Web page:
A 2009 Nissan Murano SL FWD and a 2009 Nissan Murano S AWD are two of the 76 used 2009 Nissan Murano vehicles that TrueCar has available for sale nationwide. The current price range for a used 2009 Nissan Murano is $2,795 to $21,595, and the vehicle’s mileage is between 1,008 and 238,338. By entering your zip code, you may find used 2009 Nissan Murano inventory at a TrueCar Certified Dealership nearby by viewing the closest matches.
Notes on pricing:
On most trim levels, the Manufacturer’s Suggested Retail Price for the 2009 Nissan Murano S is $1,500 less than that of the 2007 model. Accordingly, the LE will cost about $37,000 and roughly $41,000 with all the extras, while the base-model S would cost around $27,000 and $29,000 with all-wheel drive. Before visiting the dealership, make sure to check the New Car Blue Book Value to see what local customers are presently paying for the Murano. We anticipate that the new-generation Murano will have residual values that are comparable to those of the outgoing model and superior to those of the Mazda CX-7 and Ford Edge.
What issues do 2009 Nissan Muranos have?
The braking category is where the 2009 Murano’s 118 total complaints are most frequently found. 24 of the 37 complaints about brake issues mention a soft brake pedal, 11 mention an ABS controller issue, and 2 mention a master cylinder issue. However, the NHTSA has also received 249 reports of issues with brakes (National Highway Traffic Safety Administration).
Consumer Reports states that the 2009 Murano has also been subject to four NHTSA recalls, one of which is for brake safety. The 2009’s soft brake pedal requires more pedal travel time, which raises the possibility of a collision.
The 2009 Murano’s soft brake pedal is the worst-rated issue for all model years according to Car Complaints, which takes into account factors including repair cost, mileage, and severity. The issue often costs more than $2,000 to remedy and appears at an average mileage of 90,950 miles, according to Car Complaints. It receives a 9.2 out of 10 for severity (out of 10).
With an even less spectacular Severity Rating of 9.5, the second worst Murano 2009 issue is also a brake issue. Car Complaints reports that the extremely dangerous ABS controller issue occurs at about 103,900 miles and often costs $1,680 to fix.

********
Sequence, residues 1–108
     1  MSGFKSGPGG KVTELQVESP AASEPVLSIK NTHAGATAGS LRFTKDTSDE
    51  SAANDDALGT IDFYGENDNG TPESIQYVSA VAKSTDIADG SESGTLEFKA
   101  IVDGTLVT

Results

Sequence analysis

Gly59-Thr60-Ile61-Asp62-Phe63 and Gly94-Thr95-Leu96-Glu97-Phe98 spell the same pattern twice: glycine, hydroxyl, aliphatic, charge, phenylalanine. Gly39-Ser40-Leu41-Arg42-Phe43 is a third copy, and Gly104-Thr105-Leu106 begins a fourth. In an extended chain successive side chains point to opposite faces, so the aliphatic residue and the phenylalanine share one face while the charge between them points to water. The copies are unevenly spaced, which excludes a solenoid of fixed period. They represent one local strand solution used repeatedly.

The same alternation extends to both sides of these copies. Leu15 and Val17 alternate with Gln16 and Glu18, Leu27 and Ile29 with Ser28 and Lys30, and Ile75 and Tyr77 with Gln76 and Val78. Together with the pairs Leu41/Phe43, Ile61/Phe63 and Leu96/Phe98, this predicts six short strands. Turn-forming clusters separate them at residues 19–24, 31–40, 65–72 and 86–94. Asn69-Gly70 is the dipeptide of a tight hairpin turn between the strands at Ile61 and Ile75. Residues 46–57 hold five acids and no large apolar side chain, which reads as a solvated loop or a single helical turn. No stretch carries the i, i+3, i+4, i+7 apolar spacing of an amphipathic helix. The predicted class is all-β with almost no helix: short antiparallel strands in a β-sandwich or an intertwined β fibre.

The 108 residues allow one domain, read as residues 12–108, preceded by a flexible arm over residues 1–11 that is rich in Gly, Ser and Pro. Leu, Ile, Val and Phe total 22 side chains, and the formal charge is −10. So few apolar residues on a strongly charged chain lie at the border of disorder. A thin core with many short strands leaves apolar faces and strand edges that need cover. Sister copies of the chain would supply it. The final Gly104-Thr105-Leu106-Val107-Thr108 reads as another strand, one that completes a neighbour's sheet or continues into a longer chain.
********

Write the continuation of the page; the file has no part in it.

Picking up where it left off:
But the 2009 Nissan Murano has other issues as well. Owners have reported a total of 18 transmission issues and 16 issues with interior accessories, making this the worst-rated complaint category across all model years on Car Complaints. Additionally, the 2009 Nissan Murano has received nine complaints about electrical issues, eight about the conclusion, and five about steering.
Is Nissan Murano maintenance expensive?
Over the course of its first ten years of use, a Nissan Murano will require roughly $7,577 in maintenance and repairs.
This is $1,556 more than the industry average for popular SUV models. Additionally, there is a 22.22% risk that a Murano will need a significant repair at that time. Compared to comparable vehicles in this sector, this is 0.72% worse. The following graph shows how these expenses and the likelihood of repairs will rise over time.
The Nissan Murano was retired for what reason?
The third-generation Nissan Murano was debuted in April 2014 at the New York International Auto Show. It is manufactured in Canton, Mississippi, and has a VQ-Series 3.5-liter V6 engine that can produce up to 260 hp (194 kW).
Due to its lack of right-hand drive production, the third-generation Murano is not marketed in Japan, Australia, or New Zealand. Due to slow sales, the nameplate has been retired, and the X-Trail has taken its place.